I’ve been thinking a lot about the power of words over the past year.  I made a personal commitment, after Trump’s election, to not get swept up in a momentary fervor of activism, but to involve myself both consistently and deeply in the politics of the things nearest to me – my school being one such place. Over the past few years, JTS has begun reconstructing our campus.  In February, myself and many other students found out that JTS had hired a contractor, Gilbane, using an open shop model, which means that both union and non-union subcontractors would be able to compete for bids on the project.  Most of us learned this because a local community alliance for worker justice showed up on JTS’ doorstep to rally against the chosen contractor. Suddenly we had new information, and, like the spies, we needed to investigate.  Initially the campus was abuzz with questions.  Were the claims the protesters were making accurate? Was Gilbane the malicious employer being described? After a few days however, the buzz died down to a murmur.
Like the spies, the reports that began to come to us from our leaders were tinged with qualifications.  We care deeply about safety, some said, but unions would tie us into unnecessary levels of oversight.  We care about fair wages, but demand in the building industry is so high that we don’t need unions to bargain for fair wages, the free market will provide. We have a core value of employing local and minority workers but unionized labor is predominantly white and suburban.  We care about minorities, high safety standards, and fair wages, but union labor is too expensive and ultimately unnecessary to guarantee these things.  Unions still have some valuable qualities, but the market is trending towards an open-shop model (and word on the street is that Union Theological Seminary across the way is also using an open-shop model for their upcoming building project).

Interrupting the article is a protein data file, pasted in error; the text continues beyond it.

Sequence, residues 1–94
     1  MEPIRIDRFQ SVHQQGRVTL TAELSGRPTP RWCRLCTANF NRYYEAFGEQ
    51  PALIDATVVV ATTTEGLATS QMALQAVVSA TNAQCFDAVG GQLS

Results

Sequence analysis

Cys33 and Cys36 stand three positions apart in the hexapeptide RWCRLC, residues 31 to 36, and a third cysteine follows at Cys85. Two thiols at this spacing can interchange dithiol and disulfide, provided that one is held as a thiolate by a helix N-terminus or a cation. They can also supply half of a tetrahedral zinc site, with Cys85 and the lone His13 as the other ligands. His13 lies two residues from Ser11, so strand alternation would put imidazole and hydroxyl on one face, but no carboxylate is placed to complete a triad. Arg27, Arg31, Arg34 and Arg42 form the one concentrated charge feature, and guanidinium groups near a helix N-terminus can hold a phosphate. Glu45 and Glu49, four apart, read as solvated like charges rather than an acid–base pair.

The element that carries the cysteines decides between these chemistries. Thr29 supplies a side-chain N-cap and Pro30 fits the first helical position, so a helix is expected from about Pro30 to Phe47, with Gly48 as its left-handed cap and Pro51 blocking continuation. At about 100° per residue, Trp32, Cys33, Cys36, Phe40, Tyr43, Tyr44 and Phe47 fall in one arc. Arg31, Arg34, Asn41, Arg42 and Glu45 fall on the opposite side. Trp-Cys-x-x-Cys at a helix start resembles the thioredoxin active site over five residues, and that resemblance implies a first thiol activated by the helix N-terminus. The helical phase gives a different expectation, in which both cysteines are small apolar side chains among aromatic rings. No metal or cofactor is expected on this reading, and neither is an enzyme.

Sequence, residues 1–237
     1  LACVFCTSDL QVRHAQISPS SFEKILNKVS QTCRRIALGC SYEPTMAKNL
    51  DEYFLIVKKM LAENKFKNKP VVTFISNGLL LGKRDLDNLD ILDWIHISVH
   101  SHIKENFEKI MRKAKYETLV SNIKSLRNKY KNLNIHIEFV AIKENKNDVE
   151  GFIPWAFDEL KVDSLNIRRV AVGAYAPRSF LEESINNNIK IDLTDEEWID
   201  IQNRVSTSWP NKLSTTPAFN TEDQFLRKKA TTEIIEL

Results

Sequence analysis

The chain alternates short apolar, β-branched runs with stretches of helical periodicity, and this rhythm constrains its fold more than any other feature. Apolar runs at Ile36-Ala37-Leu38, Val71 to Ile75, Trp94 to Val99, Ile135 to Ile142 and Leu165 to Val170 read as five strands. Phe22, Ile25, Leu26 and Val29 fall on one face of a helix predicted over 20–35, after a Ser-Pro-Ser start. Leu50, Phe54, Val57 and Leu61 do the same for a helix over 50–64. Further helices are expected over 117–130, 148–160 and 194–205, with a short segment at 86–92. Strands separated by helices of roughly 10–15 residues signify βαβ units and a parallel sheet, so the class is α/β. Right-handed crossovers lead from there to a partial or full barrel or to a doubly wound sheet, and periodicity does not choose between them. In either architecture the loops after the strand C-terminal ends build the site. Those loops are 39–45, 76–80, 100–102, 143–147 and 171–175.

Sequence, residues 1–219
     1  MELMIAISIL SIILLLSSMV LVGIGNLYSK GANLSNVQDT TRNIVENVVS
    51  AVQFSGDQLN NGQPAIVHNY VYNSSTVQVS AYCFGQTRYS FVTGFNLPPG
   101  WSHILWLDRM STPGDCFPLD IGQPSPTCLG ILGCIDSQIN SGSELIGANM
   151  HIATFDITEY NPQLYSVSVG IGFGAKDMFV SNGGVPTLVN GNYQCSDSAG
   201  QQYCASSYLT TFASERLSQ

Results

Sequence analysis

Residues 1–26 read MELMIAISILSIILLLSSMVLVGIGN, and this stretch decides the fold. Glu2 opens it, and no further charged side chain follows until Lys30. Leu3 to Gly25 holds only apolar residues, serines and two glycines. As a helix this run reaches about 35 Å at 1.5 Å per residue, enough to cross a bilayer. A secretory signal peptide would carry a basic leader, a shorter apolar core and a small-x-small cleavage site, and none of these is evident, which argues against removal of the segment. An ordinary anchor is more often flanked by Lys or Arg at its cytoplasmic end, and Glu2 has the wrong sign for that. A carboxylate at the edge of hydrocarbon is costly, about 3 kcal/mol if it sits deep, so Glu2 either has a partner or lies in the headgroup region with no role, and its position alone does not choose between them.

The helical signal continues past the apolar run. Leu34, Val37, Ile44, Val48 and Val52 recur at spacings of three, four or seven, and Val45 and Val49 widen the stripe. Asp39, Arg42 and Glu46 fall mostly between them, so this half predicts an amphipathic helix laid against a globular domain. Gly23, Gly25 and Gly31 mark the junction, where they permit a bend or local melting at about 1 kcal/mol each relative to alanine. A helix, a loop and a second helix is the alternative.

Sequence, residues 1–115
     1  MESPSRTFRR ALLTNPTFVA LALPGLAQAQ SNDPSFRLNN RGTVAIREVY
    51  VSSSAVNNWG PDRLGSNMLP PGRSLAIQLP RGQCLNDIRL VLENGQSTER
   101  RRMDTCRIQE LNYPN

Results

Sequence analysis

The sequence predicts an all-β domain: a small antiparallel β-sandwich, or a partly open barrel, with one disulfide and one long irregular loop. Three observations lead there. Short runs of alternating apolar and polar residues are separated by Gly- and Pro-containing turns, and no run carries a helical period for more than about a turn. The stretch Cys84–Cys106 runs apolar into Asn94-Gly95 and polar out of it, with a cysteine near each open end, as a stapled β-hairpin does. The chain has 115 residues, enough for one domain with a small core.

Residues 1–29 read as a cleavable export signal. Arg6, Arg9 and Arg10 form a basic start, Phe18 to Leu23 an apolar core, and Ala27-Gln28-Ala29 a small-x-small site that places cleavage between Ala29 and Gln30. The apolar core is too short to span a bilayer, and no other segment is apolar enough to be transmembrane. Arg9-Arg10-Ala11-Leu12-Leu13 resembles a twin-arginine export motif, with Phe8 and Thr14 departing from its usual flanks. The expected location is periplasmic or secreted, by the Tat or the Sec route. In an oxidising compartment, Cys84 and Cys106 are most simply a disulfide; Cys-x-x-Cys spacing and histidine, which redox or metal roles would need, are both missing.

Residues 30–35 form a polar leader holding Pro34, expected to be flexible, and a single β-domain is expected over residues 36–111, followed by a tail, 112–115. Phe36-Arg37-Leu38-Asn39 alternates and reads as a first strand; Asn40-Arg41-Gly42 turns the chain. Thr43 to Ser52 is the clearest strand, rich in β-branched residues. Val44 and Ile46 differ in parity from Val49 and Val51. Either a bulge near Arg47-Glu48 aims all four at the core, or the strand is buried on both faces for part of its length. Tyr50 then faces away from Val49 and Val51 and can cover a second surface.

Yes, each of these things represent important complexities, but how can we be like Caleb and Yehoshua, and answer these complexities from a framework of faithfulness, not fear? How can we hold onto our moral vision without being controlled by the fear that we won’t be able to actualize our ultimate vision?  JTS tried to respond to the concerns raised about safety piecemeal, appointing an independent monitor and an advisory board, but the idea that there would be workers on the advisory board hadn’t been broached until I asked about it.  It was explained to students that construction workers make $70,000 a year because of market demand, which is a good middle class wage — but this figure doesn’t account for the reality that many construction jobs are short term, and even if they provide prevailing (not merely minimum) wages, a singular contract can’t support workers in finding their next job in the way that unions do.  
The concern about the importance of hiring local workers and workers of color is being addressed by unions themselves, who already employ a greater share of Black workers than the nonunion sector and pay them more (see http://www.epi.org/publication/diversity-in-the-nyc-construction-union-and-nonunion-sectors/) and have requirements to offer a certain percentage of their training programs to minorities, working to grow their minority base. Additionally, JTS as an institution can and should work with unions to commit to ensure greater percentages of minority and local contracts, through entering a PLA (project labor agreement) which would enable unions to bargain on behalf of workers, and JTS to stipulate our core concerns (about minorities, safety, wages, etc) in writing. And though I have no trouble believing that markets are trending towards an open shop model, market trends are not moral predictors. The trend away from organized labor ultimately puts workers at risk. As a faith-based institution, we have an opportunity to set an example with financial choices that support our carefully articulated ethical vision.
As with the spies, it is hard to separate out the facts and the fictions inherent in any report.  And yet, Caleb and Yehoshua exemplify an orientation to the future that I want us each to take note of.  They don’t abdicate their power, saying – the land is good… BUT.  Neither do they deny that there are in fact giants, obstacles, valid concerns about the challenges ahead.  Rather, they stay grounded in the reality that the only path is forward, towards the promise of a better future. B’nai Yisrael cry and demand a return to the enslavement they came from, while Caleb and Yehoshua say, “do not rebel against Hashem, and you will not fear the people of the land, for they are our bread” (14:9) they understand that we must find the way in which the very challenges we face become our nourishment.